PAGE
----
During the run today I was visualizing how my race will look like. I kept thinking about how much fun it's going to be not only to be in the trails, but also seeing so many familiar faces from the trail series I was involved in last year.

Between now and Saturday morning I won't be doing anything physically active, which will be a challenge mentally. I'll keep myself busy with work and probably watch an inspirational movie or two to get me mentally ready for Saturday. Even though I'm not going to be running fast on Saturday, I still have to remember that the 32K race will most likely feel like I'm running a Marathon (42.2K) as I'll be out on the course for at least 4 hours or more. It usually takes me about 10K before I get into a rhythm but will all the expected hill climbs and water crossings, it'll be interesting to see how my body responds and how long it takes me to find a comfortable pace.

I'll begin a mini "carbo-load" plan tonight which will mean an increase in carbohydrates (potatoes, pasta, breads) and a slight decrease in protein. I'm feeling very "light on my feet" these days so I won't carohydrate load too much as I don't want to feel too heavy on Saturday.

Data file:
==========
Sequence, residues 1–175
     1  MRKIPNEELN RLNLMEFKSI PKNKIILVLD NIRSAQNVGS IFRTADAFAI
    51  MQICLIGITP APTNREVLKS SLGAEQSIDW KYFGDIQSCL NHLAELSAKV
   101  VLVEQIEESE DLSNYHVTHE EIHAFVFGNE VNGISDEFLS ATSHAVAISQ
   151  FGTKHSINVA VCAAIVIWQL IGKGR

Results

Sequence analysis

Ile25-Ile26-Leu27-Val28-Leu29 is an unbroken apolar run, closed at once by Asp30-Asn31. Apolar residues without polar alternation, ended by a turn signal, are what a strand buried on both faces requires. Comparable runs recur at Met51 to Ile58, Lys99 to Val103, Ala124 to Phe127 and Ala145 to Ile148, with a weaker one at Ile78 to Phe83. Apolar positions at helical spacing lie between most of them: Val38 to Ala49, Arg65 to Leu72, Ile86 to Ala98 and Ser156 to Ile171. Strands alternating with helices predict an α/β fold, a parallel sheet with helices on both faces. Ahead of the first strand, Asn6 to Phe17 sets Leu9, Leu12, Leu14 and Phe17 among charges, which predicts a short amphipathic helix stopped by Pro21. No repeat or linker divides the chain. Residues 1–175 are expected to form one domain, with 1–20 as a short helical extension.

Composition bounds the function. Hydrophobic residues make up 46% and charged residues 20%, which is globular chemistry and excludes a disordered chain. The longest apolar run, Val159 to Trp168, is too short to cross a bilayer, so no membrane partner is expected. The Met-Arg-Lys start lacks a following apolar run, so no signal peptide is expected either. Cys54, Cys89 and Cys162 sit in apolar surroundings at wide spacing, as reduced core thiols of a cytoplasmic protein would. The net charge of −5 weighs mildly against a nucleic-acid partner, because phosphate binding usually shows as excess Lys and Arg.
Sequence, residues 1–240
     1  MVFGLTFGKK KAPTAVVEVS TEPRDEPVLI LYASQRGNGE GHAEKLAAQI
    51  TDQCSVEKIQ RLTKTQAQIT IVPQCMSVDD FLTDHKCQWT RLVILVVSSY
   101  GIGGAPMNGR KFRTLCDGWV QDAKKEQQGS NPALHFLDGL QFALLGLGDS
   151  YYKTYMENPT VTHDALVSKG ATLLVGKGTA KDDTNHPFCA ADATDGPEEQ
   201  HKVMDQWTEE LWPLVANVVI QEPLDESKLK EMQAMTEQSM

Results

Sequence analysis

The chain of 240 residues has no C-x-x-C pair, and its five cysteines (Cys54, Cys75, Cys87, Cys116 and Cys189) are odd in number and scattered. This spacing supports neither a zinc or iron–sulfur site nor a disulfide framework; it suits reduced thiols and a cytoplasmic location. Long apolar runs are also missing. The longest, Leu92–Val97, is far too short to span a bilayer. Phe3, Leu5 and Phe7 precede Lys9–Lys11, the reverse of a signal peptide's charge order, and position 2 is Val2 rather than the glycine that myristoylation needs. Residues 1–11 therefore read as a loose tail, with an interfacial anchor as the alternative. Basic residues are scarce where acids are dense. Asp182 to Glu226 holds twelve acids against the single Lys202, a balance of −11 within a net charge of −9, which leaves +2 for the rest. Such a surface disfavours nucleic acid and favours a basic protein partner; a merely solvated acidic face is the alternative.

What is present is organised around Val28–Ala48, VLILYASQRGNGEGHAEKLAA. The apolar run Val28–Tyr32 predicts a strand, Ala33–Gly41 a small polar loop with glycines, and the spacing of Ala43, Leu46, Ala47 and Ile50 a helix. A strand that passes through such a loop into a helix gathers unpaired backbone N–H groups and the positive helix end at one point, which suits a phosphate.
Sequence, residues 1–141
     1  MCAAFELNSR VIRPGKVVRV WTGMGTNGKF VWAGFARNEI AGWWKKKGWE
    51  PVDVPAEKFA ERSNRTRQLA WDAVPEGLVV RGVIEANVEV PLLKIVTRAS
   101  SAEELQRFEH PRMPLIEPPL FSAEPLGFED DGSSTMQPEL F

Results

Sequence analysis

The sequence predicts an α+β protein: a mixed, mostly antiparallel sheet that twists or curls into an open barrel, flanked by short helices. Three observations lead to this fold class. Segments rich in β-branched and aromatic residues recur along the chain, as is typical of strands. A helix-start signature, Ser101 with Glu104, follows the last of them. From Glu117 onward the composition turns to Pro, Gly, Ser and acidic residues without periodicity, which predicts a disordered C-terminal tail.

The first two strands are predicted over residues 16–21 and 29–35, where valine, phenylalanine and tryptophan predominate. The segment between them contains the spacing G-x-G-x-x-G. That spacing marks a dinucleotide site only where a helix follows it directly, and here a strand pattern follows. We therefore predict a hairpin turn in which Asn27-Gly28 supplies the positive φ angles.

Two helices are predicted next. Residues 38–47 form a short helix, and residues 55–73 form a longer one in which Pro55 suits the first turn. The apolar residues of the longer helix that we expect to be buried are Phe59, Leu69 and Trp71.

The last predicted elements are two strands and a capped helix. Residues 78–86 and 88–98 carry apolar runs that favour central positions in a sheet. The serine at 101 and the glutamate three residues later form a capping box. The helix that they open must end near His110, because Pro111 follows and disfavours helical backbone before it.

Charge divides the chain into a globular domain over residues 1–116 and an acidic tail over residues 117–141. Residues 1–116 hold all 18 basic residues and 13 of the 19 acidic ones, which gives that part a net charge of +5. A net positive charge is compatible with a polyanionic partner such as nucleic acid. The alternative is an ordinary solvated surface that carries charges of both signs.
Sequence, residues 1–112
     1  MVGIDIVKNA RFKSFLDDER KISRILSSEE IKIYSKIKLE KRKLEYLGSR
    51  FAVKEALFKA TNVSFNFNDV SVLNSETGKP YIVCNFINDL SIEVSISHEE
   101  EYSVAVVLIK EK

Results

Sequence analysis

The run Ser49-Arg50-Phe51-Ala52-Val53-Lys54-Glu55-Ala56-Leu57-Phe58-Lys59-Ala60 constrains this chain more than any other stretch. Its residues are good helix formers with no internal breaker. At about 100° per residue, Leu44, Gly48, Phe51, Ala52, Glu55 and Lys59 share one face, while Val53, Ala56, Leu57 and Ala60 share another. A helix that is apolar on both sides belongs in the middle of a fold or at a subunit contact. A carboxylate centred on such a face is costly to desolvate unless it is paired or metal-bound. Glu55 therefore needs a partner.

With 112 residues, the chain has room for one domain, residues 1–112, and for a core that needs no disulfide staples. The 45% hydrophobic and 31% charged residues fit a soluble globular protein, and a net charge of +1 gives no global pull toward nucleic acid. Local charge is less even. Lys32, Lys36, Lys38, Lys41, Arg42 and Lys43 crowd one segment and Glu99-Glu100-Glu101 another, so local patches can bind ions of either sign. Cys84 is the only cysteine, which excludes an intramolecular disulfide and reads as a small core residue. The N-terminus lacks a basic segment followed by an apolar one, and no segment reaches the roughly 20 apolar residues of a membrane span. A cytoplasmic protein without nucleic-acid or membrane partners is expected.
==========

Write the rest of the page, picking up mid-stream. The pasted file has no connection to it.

The main thing I'll be doing though is resting. If anyone has any ideas on some good non-physical activities that I can do, please let me know. I'm open to suggestions.

Tuesday, August 14, 2007

A "Zen" like moment today

It happens every so often when I'm running in the trails. I never know when "it" is going to happen but I can count on "it" happening
when I need "it" the most. The "it" that I am talking about is the feeling of pure tranquility that I get when I have completed a trail run.